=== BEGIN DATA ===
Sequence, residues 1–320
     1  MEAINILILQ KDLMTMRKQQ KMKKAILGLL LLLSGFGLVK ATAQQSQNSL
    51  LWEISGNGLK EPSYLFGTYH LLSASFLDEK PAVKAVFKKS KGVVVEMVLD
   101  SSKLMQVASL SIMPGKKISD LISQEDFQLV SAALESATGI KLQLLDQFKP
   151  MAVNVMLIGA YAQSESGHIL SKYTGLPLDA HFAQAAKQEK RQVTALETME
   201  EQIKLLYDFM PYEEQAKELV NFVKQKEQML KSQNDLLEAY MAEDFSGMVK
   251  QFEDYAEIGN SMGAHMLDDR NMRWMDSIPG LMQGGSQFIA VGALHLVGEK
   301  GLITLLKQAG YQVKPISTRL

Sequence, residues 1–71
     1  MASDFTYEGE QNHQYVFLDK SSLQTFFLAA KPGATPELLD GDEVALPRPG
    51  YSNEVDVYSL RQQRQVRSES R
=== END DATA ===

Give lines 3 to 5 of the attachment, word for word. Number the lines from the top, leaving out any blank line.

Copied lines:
    51  LWEISGNGLK EPSYLFGTYH LLSASFLDEK PAVKAVFKKS KGVVVEMVLD
   101  SSKLMQVASL SIMPGKKISD LISQEDFQLV SAALESATGI KLQLLDQFKP
   151  MAVNVMLIGA YAQSESGHIL SKYTGLPLDA HFAQAAKQEK RQVTALETME